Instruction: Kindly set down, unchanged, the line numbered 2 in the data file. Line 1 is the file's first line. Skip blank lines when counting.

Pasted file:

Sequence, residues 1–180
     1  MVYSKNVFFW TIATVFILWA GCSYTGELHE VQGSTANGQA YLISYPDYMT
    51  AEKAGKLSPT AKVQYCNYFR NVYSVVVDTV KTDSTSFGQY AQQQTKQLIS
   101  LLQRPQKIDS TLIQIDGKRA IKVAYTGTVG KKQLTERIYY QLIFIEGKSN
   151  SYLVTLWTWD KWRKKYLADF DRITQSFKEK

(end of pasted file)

     1  MVYSKNVFFW TIATVFILWA GCSYTGELHE VQGSTANGQA YLISYPDYMT